Kevin Cokely, NBC 5 News
Retired American Airlines pilot Bill Collins feels lucky and fortunate that he took a lump-sum pension payout months before the airline filed for bankruptcy.
Hundreds of pilots retired from American Airlines just before the company filed for bankruptcy. Most consider themselves lucky to leave with a big pension, especially those who took a lump-sum payout.
A record 129 pilots who retired in before American filed for bankruptcy averages lump-sum pension payouts of between $1.5 million and $2 million.
Bill Collins flew for American Airlines 32 years. He retired from American in September, two months before the company filed for bankruptcy.
"I was just lucky and fortunate, and I kind of looked at the numbers and looked at what was going on in the industry, and I didn't want to gamble," he said.
Eight months after hanging up his uniform, Collins often thinks about others still flying for American, their future pensions now reduced and frozen with no more lump-sum payouts even possible.
"I have sympathy for them, and it's just a situation of being in the right place at the right time," Collins said. "I'm sure there are some who wish they had pulled the trigger."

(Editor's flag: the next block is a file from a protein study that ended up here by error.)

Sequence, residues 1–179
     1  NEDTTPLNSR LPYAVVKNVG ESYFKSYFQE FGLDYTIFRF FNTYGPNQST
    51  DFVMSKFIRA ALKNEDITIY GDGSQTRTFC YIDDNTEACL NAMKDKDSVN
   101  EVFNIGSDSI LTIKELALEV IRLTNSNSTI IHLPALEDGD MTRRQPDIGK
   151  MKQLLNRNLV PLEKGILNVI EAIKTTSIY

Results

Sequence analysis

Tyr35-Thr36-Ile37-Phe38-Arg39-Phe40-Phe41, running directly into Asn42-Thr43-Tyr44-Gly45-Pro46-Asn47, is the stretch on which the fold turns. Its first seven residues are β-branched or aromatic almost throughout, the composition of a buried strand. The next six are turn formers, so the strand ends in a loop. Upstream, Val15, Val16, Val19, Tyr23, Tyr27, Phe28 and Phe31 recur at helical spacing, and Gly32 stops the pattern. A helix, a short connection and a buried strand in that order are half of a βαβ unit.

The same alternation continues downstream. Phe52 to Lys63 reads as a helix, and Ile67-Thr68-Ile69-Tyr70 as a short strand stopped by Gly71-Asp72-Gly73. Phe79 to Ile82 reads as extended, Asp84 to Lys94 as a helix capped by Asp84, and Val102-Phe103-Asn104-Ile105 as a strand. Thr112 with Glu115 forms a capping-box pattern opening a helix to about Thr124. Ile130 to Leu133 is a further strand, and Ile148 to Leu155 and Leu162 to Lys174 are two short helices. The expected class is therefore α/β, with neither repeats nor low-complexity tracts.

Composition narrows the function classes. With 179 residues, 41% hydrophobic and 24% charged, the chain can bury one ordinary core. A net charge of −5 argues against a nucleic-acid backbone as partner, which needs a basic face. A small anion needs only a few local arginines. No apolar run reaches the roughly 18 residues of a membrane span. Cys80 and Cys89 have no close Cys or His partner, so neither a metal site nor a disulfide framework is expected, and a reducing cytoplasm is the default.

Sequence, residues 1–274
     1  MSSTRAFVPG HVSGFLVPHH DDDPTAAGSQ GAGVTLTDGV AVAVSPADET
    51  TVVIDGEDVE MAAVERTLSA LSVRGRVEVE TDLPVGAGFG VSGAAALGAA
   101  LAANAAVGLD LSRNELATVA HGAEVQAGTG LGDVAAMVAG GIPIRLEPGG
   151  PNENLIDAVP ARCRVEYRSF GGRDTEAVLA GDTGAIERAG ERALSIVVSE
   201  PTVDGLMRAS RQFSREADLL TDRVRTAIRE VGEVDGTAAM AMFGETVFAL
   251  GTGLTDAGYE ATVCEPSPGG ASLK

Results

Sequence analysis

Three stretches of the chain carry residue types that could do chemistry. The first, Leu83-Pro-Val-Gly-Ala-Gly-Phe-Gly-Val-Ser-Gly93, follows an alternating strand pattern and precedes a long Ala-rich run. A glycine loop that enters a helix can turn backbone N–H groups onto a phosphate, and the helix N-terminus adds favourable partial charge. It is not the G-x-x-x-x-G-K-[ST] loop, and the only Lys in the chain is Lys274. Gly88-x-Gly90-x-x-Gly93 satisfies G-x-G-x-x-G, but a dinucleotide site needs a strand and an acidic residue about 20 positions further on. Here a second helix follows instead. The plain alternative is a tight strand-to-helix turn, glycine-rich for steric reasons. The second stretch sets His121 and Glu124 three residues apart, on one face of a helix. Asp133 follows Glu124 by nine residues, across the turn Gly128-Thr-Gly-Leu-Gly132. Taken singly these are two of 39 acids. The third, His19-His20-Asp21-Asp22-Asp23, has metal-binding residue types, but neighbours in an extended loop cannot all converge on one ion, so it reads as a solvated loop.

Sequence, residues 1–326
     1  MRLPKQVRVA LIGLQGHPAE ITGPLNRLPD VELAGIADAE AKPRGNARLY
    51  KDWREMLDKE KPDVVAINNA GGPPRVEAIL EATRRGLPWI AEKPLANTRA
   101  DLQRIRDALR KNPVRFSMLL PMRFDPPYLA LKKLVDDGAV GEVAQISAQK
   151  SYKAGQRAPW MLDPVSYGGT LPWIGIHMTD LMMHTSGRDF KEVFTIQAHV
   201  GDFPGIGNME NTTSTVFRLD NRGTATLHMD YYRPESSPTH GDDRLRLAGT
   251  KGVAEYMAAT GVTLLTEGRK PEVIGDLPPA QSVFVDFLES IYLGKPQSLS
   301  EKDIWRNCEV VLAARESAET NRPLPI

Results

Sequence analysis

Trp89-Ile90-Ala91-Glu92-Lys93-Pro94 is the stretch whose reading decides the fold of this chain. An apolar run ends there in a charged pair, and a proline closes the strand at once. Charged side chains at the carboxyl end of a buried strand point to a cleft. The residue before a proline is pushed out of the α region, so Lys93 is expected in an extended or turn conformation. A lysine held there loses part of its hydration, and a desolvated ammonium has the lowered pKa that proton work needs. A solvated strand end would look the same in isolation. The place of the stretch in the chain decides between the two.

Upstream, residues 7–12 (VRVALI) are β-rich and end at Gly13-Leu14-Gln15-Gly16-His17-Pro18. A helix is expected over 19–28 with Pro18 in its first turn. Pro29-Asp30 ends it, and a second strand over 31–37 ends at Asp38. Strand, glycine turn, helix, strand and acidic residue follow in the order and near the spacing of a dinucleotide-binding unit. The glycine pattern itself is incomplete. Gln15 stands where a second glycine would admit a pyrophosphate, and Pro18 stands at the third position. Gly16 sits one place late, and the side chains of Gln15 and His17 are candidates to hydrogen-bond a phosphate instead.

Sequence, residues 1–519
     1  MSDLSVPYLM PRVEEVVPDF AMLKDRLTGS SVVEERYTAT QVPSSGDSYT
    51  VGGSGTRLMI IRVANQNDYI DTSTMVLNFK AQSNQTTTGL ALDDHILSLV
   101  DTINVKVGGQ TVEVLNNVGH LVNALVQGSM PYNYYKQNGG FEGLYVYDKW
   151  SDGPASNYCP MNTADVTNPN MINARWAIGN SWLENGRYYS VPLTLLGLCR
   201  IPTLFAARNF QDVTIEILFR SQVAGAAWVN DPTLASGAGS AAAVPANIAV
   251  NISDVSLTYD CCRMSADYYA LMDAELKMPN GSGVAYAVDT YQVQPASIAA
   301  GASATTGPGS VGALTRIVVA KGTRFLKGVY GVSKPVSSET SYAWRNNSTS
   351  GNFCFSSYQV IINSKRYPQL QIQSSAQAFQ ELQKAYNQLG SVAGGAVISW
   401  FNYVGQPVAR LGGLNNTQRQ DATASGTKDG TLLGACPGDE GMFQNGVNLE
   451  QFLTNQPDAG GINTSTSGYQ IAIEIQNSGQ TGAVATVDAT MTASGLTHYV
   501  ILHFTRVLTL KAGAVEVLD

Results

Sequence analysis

He said he knew the time to retire was right when bankruptcy began to loom on the horizon.
"I think most of them are going to have to stay until age 65 just to make ends meet, because with the current negotiations that are going on, they're going to lose probably 50 percent of their retirement," Collins said.
Retired at the age of 60, the former Air Force pilot climbs into a World War II T-6 trainer for the occasional joy ride.
"It's the most fun you can have with your clothes on," Collins said.
He also plays golf two or three times per week.
"God only gave us so many good days to play golf, so I'm trying to take advantage of that right now," Collins said.
Collins said he would have enjoyed flying for American a little longer.
"I don't miss flying for American Airlines, but I do certainly miss the people," he said. "That's what I miss."
Collins said he's not sure he would recommend becoming a commercial pilot right now.
"It's real sad," he said. "The whole airline industry is just upside down right now and to the point I'm not sure that I would recommend it to anyone coming up young age right now."